The small habits that can help you tackle High Blood Pressure (Hypertension)

Exercise and Hypertension: Why Movement Matters 

Did you know that most people with high blood pressure, or hypertension, don’t experience any symptoms?  

If left untreated Hypertension can lead to heart attack, kidney failure and stroke, which is why it’s often referred to as a ‘silent killer’. 

One of the most simple yet powerful ways to protect yourself is to get moving! 

Here we explore the simple habits that can lower your blood pressure and make your heart happy. 


What is hypertension? And am I at risk? 

Hypertension, commonly known as high blood pressure, is very common. It affects more than 1 in 3 Australian adults. 

 The good news? A healthy, active lifestyle can treat and prevent hypertension. There are lots of things you can do at home, and with our help, to support your heart health and reduce your risk. 


What causes hypertension/high blood pressure? 

There are various heart diseases and conditions that can arise due to poor heart health. One condition we see commonly at O-health is hypertension.  

Hypertension, often referred to as high blood pressure, is often caused by the build-up of fatty deposits or the hardening of artery walls, restricting the flow of blood in your body’s blood vessels. This reduced blood flow can strain your heart, increasing your risk of cardiovascular disease and other medical problems. 

Your overall heart health and blood pressure level can be influenced by lifestyle choices and environmental factors. Which means there are plenty of simple, practical things you can do to keep your heart in good health. 


Get regular checks 

If you are 45 years or older you should see your doctor for a Medicare-covered Heart Health Check. Regular heart health checks with your GP help you better understand your risk of a heart attack or stroke in the next five years. They also help you understand the risks you’re facing and how to manage them.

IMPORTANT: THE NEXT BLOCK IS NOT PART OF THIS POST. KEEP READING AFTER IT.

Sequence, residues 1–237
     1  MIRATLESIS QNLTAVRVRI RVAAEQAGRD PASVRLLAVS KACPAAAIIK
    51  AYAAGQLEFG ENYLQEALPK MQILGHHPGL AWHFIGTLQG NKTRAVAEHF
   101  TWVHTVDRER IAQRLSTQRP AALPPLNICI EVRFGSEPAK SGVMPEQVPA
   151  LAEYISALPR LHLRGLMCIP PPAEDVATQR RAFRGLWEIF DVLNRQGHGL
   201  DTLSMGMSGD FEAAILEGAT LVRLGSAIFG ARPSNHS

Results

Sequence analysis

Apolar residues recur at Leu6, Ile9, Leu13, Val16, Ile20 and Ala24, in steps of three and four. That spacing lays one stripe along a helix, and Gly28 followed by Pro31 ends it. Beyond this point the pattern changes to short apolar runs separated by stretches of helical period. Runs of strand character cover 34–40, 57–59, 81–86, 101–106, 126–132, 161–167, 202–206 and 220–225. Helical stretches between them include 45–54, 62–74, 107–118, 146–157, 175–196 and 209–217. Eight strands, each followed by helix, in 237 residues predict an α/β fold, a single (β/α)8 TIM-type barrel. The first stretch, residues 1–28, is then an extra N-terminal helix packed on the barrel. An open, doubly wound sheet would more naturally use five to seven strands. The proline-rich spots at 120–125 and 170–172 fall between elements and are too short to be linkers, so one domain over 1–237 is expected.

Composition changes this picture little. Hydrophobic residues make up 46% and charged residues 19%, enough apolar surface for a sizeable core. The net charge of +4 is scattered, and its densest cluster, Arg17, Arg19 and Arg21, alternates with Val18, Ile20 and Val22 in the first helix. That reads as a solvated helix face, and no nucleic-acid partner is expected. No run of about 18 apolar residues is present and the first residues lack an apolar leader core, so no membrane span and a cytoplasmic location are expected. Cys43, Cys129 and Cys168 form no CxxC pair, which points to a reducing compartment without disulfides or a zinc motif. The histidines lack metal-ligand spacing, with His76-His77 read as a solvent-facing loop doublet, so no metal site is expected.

What you can do at home   

Whilst seeing a professional is super important to manage your blood pressure, there are small habits that you can include in your everyday routine to help lower your blood pressure.  

Regular physical activity is key. It’s one of the best things you can do for your overall health, especially your heart health. By making your heart work a little harder you can cut your risk of heart disease by a third – regardless of your age, gender, income or where you live. It might be walking, swimming, yoga, skipping, cycling or martial arts. Choose something you enjoy and you’ll be more likely to stick at it. 

 Here’s some guidance from the Heart Foundation on how to build regular physical activity into your life: 

18-64 years 

  • Be active at least five days a week. 
  • Aim to do muscle-strengthening activities at least 2 days a week. 
  • Break up long periods of sitting.


  • Aim to accumulate 30 minutes of moderate exercise daily 
  • Balance and flexibility exercises most days of the week 
  • Strength exercises 2 to 3 days per week 
  • Break up long periods of sitting 


Another way to lower your blood pressure is to reduce your intake of alcohol, salt and saturated fat. 

Smoking is also a risk factor. There’s plenty of support to help you quit. The Quitline is a great place to access help and information on 13 78 48. 

How to get started  

The Heart Foundation shares the following tips on getting more physical activity into your day.  

  • Start small – Begin by blocking out some time in your day, even if it is just for a short stroll. You can then build up gradually. Remember that every step counts.   
  • Set realistic goals and be kind to yourself - If you are new to exercise, don’t be hard on yourself. Try to create a plan, starting with 10 minutes a day. Slowly building up may help you feel motivated to continue.   
  • Get more active in your neighbourhood - Go for a walk around your suburb. and you’ll probably see lots of places and opportunities to be more active. You could also take public transport instead of driving your car.   
  • Mix up your activities – To keep activities enjoyable, add some variety or try something new like tai chi or a dance class. You can also build activity into your social outings, such as going for a walk with a friend.  
  • Be prepared - Make sure you dress for the weather and be sun smart. You can wear an activity tracker like a Fitbit to monitor progress and help you stay motivated.  
  • Get active with friends and family - Having a buddy is another great way to stay motivated with physical activity.   


How we can help you 

Our Exercise Physiologists (EPs) can work with you to help manage and reduce high blood pressure. We develop a personalised plan which offers exercise-based therapy and lifestyle coaching tailored to your lifestyle and conditions.   

O-health also offers blood pressure checks. We can cover this in your consultation as we learn about your goals, history and lifestyle.

The first step is to book that Heart Health check-up with your GP. Don’t let it fall to the bottom of your to-do list. Your health is important and should be a priority. We know it can be overwhelming so we’re here to support you and keep you on track!  

You can book an appointment with one of our friendly Exercise Physiologists here.